Borrowing from the earlier Eclipse thread that wandered into Netbeans and QEMU, it may be useful to climb to the top of the stack and think about releasing a pre-cooked virtual machine (VM) for each "common enough" set of TS boards.
This is just the beginning of an idea, intended to stimulate conversation: I haven't implemented anything like this myself.
The VM would runs the board's Linux via QEMU, but could also have a full NetBeans environment installed that can either be accessed through the VM's display, or (as I would) remotely via X11 on the host (Linux/Cygwin). But even if a full NetBeans install isn't included, the relevant NetBeans plugins may be included to simplify NetBeans setup on the host system.
The VM could "own" the target system, using it as a distcc peer, as a test server, and could automatically place binaries there. (The target would not be in charge of the build.) All target access (at least for development purposes) would be through the VM.
In a shop with multiple developers working on the project, each developer would have at least one development VM running, and all the developer VMs could also participate in distcc, as well as any distributed or parallel automated testing.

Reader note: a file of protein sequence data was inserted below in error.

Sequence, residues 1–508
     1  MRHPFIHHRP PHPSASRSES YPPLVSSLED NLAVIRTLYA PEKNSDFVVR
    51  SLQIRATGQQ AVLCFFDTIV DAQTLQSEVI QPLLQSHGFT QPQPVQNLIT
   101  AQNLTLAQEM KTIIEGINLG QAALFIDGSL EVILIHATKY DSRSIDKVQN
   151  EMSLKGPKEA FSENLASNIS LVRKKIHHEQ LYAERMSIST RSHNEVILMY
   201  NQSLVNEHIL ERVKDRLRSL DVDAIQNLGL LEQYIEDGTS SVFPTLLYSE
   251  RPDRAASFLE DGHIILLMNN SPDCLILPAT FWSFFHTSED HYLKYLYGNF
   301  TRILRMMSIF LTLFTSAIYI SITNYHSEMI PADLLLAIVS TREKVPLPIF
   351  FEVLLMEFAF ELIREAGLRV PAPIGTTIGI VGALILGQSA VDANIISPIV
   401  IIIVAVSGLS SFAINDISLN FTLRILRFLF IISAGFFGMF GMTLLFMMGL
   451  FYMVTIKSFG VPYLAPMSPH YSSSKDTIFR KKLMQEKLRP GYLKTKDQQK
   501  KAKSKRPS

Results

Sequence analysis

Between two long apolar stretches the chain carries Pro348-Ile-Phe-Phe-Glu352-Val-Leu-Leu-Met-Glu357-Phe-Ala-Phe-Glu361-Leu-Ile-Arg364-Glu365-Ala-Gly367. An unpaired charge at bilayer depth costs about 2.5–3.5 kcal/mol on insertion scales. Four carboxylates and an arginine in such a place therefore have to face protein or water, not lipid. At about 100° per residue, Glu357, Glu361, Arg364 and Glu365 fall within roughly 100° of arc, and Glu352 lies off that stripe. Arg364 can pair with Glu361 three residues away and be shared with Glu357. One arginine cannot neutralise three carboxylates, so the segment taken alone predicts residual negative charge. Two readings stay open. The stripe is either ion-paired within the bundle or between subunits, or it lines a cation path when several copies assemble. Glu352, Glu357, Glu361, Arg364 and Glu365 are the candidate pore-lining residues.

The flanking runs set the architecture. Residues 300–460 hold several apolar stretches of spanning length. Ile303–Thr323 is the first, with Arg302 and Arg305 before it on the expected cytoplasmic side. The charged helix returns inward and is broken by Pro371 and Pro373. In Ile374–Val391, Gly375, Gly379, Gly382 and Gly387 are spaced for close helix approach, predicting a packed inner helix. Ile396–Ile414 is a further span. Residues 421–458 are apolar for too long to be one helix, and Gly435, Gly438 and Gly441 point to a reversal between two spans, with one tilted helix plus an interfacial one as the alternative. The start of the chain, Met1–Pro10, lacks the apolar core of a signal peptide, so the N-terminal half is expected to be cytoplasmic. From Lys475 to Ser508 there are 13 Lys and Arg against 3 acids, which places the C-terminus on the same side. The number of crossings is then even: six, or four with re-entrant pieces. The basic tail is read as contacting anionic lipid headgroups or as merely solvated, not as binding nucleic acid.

The QEMU burden would be significant, but it would eliminate the need for cross-compilers, making it easier to maintain a consistent (identical) build environment not only on the target, but also on each developer's system.
I haven't yet looked at the NetBeans "Remote Development Host" capabilities, but I suspect that may be a good way for locally hosted NetBeans instances to work with the VMs and the target.
What I like best is that the VM is platform-independent: The same VM can run on Win7, Linux and Mac. At most, a second ARM-native VM (without QEMU) may be needed when developers start having ARM systems at their desks.
Ultimately, the goal is to maximally enable customer development with minimal support required.
Sane or insane?